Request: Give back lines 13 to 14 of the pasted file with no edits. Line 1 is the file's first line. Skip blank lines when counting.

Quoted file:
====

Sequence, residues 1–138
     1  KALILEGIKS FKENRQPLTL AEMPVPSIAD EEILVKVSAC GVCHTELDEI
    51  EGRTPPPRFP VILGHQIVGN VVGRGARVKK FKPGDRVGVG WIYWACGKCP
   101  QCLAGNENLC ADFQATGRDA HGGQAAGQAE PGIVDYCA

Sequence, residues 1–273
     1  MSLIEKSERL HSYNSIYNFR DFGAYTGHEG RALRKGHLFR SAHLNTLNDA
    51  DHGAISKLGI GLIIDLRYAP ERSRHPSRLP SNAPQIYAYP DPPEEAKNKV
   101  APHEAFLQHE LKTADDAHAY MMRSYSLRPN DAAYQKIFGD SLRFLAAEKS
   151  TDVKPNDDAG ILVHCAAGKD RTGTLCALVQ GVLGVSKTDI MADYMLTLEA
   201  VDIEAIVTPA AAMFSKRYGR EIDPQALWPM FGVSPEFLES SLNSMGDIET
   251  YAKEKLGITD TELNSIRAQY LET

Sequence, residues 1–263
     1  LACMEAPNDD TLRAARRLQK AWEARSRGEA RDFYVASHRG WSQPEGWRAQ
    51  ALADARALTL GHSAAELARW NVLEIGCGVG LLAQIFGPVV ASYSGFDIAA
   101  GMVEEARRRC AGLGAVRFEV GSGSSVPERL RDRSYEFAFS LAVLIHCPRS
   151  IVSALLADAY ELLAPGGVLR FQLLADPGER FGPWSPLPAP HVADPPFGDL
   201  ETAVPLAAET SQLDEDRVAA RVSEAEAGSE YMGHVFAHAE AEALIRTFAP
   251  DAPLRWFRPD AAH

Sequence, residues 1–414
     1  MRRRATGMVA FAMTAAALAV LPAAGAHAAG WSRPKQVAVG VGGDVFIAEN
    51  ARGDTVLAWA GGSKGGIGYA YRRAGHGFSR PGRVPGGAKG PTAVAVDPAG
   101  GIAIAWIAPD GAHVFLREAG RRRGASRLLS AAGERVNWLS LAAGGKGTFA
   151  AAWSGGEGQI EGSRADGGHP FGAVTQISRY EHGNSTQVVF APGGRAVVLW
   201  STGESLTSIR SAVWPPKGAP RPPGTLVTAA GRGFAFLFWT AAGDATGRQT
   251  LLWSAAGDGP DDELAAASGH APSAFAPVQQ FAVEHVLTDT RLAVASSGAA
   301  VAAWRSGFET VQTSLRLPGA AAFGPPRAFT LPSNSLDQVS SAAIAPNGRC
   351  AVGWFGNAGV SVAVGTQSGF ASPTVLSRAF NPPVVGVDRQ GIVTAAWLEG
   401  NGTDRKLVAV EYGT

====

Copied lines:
     1  LACMEAPNDD TLRAARRLQK AWEARSRGEA RDFYVASHRG WSQPEGWRAQ
    51  ALADARALTL GHSAAELARW NVLEIGCGVG LLAQIFGPVV ASYSGFDIAA